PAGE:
Meanwhile across the border in Norfolk, in 1810 one John Burgess was the foreman responsible for setting up the first paper making machine in the county. Ten years later Burgess was made a partner in the mill. He was happily working at Taverham while acquiring properties in Costessey across the river, including the White Hart pub which he rebuilt in the modern style. (This was again rebuilt in the 1930’s and is now known as the Harte.) In 1830 the senior partner at Taverham mill retired and transferred his holding to two young men who had their own ideas about running the business. These two eventually drove the formerly prosperous mill into business failure, but by then John Burgess had left Taverham. With his sons he moved to Bungay and reopened the paper mill there. He was already 71 years old, and the work was probably mainly in the hands of his son Charles. Having been pioneers in the technique of modern machine-made paper they had taken a step back into the past to hand-made paper.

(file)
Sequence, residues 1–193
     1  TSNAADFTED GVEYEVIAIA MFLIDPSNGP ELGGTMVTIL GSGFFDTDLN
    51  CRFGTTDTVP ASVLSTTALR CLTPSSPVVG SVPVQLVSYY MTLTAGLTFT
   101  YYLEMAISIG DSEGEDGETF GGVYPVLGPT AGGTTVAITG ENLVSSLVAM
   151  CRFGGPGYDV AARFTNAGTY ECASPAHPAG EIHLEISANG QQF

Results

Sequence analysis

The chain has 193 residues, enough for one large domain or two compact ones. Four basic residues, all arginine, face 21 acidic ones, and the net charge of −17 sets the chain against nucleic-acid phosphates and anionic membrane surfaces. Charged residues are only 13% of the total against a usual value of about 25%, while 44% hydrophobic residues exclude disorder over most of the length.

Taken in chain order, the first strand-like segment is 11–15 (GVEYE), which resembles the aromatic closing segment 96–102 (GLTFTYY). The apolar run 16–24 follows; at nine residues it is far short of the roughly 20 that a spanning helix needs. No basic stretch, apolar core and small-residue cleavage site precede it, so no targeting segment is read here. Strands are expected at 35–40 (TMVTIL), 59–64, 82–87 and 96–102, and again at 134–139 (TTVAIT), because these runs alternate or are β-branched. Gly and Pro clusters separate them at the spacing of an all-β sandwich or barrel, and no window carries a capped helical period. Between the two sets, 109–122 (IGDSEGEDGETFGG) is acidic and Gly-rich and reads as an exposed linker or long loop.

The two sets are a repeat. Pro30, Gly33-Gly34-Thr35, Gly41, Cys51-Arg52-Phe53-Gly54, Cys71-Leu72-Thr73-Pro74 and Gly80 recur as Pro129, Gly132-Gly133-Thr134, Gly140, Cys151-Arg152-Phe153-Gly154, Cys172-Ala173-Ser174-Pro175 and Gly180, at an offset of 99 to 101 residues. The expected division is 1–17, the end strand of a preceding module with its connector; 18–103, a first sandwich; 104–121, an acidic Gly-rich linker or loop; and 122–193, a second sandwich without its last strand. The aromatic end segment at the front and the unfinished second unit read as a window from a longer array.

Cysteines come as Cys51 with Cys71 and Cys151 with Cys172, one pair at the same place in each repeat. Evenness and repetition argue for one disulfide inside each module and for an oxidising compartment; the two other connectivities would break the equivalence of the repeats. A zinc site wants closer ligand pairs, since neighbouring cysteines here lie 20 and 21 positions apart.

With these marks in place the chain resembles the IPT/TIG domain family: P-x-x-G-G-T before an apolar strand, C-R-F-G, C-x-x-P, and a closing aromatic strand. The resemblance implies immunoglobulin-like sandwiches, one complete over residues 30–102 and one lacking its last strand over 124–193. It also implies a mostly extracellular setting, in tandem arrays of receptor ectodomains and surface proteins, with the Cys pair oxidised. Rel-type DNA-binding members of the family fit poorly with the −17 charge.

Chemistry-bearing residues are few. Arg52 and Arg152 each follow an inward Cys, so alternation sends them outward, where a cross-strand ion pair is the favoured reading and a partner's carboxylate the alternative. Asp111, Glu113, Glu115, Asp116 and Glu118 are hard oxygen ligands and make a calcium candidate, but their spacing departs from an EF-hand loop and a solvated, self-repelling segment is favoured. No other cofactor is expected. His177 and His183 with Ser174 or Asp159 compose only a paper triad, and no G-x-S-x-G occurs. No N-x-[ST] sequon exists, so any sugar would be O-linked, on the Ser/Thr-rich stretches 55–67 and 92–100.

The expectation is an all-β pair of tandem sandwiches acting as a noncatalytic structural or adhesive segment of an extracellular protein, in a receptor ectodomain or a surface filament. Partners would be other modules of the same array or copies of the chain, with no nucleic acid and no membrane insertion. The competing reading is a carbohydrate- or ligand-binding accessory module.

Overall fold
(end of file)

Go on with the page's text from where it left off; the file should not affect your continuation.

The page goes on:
The principal user of paper in Bungay was John Childs, the printer who had taken over from Charles Brightly, and whose business would become Richard Clay (still in existence as part of the St Ives Group). In Brightly’ time all paper had been hand made, and no doubt Joseph Hooper built up a prosperous business supplying him with printing paper, but times had changed. By 1830 Childs was the owner of a large business, employing over 100 people, and he specialized in large editions of substantial books such as annotated Bibles. These were not restricted to the printers at Oxford, Cambridge and London as the standard, non-annotated Authorised Version of the Bible was. These substantial works required a lot of paper, but his suppliers were not local. His account book for 1827 shows that he was buying paper from Spicer’s in Cambridgeshire, and in 1834 from Dickinson, whose paper mill was at Apsley in Hertfordshire. I do not know how the paper was transported to Bungay, but I suspect it came by the Grand Union canal (or in the case of Spicer’s paper via the rivers Cam and Great Ouse) to the Wash and then along the coast to Yarmouth. From there it would have gone up the Waveney through Geldeston Lock to the head of the navigation at Bungay. Although this meant three trans-shipments, from narrow boat to coasting vessel at Wisbech or Kings Lynn and then to wherry at Yarmouth, until the coming of the railways water was the only way to carry heavy loads long distances. Both Dickinson and Spicer were making paper by machine, and the mill at Sawston in Cambridgeshire was one of the first to use a Fourdrinier paper making machine in 1809. It was high quality and high volume paper, quite different from the paper being produced at Bungay by Burgess, which although it had no transportation cost, had no other advantages.